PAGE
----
Inside the Surging Rage at Trump in Midwest Factory Towns

Troy Mallott has worked his manufacturing job in Peru, Indiana, for 15 years. He planned to finish his career there. But now Mallott and his neighbors in Peru, a small city of around 11,000 residents, are bracing for the loss of the Schneider Electric production facility, the area’s largest employer that has operated since the…

Inside the Surging Rage at Trump in Midwest Factory Towns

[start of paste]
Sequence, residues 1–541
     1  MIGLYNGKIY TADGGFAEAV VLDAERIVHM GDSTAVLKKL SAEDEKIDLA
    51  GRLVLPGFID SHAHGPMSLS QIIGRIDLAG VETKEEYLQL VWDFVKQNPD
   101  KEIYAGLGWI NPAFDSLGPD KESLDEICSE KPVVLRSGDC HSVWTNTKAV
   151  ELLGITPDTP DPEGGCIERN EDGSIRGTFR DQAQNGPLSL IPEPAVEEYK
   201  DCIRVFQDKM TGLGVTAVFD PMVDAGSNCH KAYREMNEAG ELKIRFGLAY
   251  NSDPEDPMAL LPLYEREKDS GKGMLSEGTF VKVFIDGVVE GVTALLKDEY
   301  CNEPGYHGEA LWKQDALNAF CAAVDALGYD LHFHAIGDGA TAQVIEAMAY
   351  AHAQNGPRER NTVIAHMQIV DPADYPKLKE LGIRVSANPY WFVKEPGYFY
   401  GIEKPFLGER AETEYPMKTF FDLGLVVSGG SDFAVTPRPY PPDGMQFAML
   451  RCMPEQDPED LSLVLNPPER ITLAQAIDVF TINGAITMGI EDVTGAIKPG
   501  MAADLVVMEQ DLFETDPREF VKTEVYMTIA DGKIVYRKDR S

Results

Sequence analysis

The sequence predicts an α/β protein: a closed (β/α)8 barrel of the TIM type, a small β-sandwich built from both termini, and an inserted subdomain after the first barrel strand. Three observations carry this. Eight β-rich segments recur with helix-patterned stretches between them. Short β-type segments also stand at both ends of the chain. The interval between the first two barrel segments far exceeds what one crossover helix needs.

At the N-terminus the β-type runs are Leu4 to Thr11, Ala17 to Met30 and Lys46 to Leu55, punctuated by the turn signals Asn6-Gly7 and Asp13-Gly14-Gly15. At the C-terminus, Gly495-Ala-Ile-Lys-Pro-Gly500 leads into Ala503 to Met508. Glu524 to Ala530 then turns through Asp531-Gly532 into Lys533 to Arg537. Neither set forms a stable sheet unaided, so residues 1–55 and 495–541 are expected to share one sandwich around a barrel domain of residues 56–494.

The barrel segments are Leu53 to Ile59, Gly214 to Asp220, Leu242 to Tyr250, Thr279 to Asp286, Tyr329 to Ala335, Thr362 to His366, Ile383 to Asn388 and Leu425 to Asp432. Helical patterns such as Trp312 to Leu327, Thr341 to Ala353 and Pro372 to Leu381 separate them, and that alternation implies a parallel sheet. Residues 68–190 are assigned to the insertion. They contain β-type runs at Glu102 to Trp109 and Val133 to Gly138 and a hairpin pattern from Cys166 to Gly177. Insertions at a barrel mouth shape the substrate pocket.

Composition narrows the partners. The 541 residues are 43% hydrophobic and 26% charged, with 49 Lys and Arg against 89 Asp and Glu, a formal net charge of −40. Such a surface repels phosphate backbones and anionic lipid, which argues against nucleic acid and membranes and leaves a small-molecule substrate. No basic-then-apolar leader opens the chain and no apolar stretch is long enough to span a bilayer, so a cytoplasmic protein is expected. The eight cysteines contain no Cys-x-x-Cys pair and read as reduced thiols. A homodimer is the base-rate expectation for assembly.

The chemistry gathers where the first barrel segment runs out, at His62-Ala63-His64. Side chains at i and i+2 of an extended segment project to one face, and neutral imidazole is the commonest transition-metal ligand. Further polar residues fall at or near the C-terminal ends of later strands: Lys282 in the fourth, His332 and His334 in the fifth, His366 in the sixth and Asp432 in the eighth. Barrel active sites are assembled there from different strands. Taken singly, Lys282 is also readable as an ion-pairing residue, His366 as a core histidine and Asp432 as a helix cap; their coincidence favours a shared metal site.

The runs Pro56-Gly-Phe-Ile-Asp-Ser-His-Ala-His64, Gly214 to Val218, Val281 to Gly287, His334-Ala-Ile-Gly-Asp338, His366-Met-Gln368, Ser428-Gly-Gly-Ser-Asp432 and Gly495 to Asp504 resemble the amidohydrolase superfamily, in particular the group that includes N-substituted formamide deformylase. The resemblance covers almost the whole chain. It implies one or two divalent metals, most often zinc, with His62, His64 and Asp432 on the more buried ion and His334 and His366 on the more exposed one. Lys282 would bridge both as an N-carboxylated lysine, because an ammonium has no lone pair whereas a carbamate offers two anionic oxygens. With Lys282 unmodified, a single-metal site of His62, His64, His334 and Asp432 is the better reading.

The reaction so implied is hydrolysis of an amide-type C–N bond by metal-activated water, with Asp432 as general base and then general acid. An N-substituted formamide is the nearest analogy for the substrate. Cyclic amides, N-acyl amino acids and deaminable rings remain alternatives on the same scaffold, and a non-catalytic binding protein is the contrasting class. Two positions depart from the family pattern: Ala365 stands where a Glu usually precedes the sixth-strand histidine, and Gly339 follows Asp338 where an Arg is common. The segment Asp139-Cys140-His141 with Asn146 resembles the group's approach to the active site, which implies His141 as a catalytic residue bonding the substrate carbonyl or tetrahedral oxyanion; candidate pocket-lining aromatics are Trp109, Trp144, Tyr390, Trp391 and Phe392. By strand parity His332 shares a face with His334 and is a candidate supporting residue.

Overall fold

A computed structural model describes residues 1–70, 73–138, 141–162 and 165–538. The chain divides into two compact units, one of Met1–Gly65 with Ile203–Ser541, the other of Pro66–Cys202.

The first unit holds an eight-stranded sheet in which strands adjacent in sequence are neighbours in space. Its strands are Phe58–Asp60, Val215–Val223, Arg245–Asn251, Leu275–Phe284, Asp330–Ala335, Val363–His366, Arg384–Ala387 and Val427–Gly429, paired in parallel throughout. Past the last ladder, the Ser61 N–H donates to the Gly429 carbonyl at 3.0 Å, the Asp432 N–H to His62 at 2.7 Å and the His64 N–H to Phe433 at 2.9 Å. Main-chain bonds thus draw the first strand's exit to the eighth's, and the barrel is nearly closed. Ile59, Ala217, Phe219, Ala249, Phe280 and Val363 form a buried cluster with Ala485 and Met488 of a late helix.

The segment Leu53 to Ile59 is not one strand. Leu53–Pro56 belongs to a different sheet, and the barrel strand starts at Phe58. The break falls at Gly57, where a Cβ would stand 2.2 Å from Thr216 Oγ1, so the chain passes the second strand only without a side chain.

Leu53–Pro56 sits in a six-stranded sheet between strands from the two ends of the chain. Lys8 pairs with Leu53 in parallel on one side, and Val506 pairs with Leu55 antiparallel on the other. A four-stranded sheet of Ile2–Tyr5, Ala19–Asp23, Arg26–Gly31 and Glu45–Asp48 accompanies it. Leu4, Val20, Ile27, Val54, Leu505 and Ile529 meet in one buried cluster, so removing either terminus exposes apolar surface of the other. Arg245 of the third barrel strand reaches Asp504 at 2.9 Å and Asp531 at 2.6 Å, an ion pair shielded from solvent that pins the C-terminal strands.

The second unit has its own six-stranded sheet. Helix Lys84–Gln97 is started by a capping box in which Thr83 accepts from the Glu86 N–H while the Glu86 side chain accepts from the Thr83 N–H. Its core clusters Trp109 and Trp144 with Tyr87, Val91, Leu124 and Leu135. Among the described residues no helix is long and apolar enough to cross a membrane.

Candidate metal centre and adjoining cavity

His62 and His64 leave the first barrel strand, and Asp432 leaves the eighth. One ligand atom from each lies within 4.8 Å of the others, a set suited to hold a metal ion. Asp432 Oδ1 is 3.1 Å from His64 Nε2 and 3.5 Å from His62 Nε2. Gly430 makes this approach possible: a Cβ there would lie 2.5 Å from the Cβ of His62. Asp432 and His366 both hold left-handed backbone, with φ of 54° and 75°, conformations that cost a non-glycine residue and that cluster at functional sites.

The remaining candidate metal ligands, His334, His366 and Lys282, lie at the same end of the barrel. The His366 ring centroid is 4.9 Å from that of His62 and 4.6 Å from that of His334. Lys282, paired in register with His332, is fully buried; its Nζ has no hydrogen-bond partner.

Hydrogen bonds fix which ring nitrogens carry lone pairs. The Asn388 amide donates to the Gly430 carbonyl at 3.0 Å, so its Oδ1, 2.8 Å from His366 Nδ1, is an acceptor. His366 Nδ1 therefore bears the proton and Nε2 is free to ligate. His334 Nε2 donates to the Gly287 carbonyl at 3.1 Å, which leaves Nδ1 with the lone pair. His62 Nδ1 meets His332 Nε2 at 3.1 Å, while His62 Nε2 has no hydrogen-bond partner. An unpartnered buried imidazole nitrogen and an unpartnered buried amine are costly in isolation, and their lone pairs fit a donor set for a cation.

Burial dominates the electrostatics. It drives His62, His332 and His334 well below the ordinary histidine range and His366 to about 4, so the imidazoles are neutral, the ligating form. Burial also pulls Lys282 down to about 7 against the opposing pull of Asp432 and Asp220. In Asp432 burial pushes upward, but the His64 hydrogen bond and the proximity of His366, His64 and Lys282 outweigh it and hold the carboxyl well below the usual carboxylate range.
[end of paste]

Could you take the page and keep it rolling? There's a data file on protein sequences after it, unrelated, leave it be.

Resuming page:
Troy Mallott has worked his manufacturing job in Peru, Indiana, for 15 years. He planned to finish his career there. But now Mallott and his neighbors in Peru, a small city of around 11,000 residents, are bracing for the loss of the Schneider Electric production facility, the area’s largest employer that has operated since the early 1900s. In February, the French multi-billion dollar company announced plans to close in the city, with the final waves of layoffs planned throughout the next few months. The writing, as it so often is when it comes to Midwestern plant closings, was on the wall. In 2017 and 2018, the company reduced the plant’s workforce by 25 percent. The remaining 306 workers, who mostly produce electrical panel-boards, were expected to largely be left unemployed as production may be sent to either Monterey, Mexico, or other U.S. facilities. The closure has struck a chord in the traditionally conservative state in the wake of flamboyant promises from President Trump that companies would face consequences for offshoring jobs. In Miami County, where Peru is located, Trump won over 70 percent of the vote in 2016. No president could realistically halt a decades-long trend toward offshoring overnight, but facilities across the Midwest have continued to close and send jobs outside the United States despite hefty profits, lucrative federal contracts, and broad-based corporate tax cuts. On Monday morning, tens of thousands of General Motors workers went on strike when the UAW failed to cut a new deal with the company that made $2.4 billion in profit in just the second quarter of this year, and a key issue in play has been the potential reopening of an idled plant in Lordstown, Ohio. Now, some of the same conservative areas that carried Trump to the White House in 2016 partly on the promise that he would save their jobs are boiling over with anger at the very real ramifications of his ineffectiveness—and industrial realities that have been a long time coming. “Trump has really disappointed the State of Indiana and the City of Peru. He needs to come down here to see what’s going on,” Mallott said. “It’s going to kill the community. They’re just ruining so many lives here. So many lives. I thought I had a future here. It’s just wrong to do this to a community just to save a buck. That’s not what you do to people.” The International Association of Machinists and Aerospace Workers union, which represents the plant, said it offered various concessions in hopes of keeping the facility open—including cuts to wages, benefits, and tax cuts from the union and local municipalities—to no avail. “If you get federal aid from the
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